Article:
Writing Realism: Howells, James, and Norris in the Mass Market

Writing Realism: Howells, James, and Norris in the Mass Market

Writing Realism: Howells, James, and Norris in the Mass Market

Writing Realism: Howells, James, and Norris in the Mass Market

Excerpt

Ever since its emergence in the United States in the 1870s and 1880s literary realism, the subject of this study, has attracted critical scrutiny. The first attempts at explication and analysis came from the realists themselves. Forced by detractors to justify their practice, realists, many of whom were practicing critics, outlined the basic principles that constituted their chosen genre. In the process they laid out in considerable detail the formal properties of the novel that they valued and gave sophisticated readings of their key texts. When the academy embraced realism in the middle of the twentieth century and enshrined a number of its works in the canon, the number of critical studies of realism proliferated. In subsequent years each generation of commentators has put forth some interpretation of the literary explosion of the last third of the nineteenth century.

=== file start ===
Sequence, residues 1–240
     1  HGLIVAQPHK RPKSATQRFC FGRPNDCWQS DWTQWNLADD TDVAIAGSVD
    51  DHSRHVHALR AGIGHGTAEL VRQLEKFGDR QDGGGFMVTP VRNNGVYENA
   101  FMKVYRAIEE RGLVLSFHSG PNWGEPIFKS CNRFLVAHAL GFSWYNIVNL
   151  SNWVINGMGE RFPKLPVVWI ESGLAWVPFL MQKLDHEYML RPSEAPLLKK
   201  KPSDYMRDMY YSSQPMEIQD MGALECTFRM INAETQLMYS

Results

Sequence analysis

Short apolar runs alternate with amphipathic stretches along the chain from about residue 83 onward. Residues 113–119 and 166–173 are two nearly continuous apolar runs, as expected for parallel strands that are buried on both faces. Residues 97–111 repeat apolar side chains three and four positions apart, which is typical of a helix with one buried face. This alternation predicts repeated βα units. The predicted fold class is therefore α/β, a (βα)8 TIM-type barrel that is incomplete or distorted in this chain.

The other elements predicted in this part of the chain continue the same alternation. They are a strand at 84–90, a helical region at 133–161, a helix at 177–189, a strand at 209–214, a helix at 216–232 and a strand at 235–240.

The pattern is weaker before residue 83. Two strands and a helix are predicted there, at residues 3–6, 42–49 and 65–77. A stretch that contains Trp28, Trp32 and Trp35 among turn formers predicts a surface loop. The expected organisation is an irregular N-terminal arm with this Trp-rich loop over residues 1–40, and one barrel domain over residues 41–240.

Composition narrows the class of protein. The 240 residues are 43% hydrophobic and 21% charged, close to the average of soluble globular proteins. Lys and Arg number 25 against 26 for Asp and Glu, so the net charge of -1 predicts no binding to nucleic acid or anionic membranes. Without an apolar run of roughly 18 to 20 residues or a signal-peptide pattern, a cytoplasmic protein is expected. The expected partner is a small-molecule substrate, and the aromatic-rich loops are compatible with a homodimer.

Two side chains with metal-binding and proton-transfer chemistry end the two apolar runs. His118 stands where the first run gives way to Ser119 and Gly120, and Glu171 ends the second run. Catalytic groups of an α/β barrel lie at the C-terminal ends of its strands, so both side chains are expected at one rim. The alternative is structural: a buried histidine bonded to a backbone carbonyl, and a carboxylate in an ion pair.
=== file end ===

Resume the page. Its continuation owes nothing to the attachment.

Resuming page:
The centrality of realism to literary studies might well prompt a reader to inquire why another book on the subject is needed. To justify itself another work must do more than either ratify previous findings or invert earlier work while addressing the same questions and staying within the same boundaries that have been marked out for the last one hundred years of criticism. We know much of what realism was (and is), but we know less about why realism was. It is this last problem that this book takes as its fundamental point of departure. This study is not a literary taxonomy in which common elements are discovered and texts are assigned places within or outside realism, or a reinterpretation of major works, or grand historical speculation in which some facile correspondence between the spirit of the age of industrialism and the nature of the texts is postulated and then proven. Rather it poses a deceptively simple question: why did a significant number of serious novelists choose to write realist texts in the late nineteenth century? Put another way, why was the . . .

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